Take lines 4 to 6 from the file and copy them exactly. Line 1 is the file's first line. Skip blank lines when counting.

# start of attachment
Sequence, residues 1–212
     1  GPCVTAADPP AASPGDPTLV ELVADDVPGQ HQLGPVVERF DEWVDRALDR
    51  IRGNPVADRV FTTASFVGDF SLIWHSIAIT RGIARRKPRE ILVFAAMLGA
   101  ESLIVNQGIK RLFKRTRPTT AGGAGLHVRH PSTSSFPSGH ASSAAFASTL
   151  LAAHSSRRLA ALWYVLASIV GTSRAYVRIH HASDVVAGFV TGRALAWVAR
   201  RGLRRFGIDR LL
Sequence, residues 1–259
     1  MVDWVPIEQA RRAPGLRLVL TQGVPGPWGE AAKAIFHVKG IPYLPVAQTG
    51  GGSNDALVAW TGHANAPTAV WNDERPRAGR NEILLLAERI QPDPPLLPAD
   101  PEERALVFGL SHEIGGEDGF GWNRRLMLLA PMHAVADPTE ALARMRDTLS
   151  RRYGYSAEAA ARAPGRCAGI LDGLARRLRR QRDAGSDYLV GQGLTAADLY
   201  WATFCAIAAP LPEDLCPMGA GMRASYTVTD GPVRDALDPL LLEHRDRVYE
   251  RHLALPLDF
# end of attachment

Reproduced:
   101  ESLIVNQGIK RLFKRTRPTT AGGAGLHVRH PSTSSFPSGH ASSAAFASTL
   151  LAAHSSRRLA ALWYVLASIV GTSRAYVRIH HASDVVAGFV TGRALAWVAR
   201  RGLRRFGIDR LL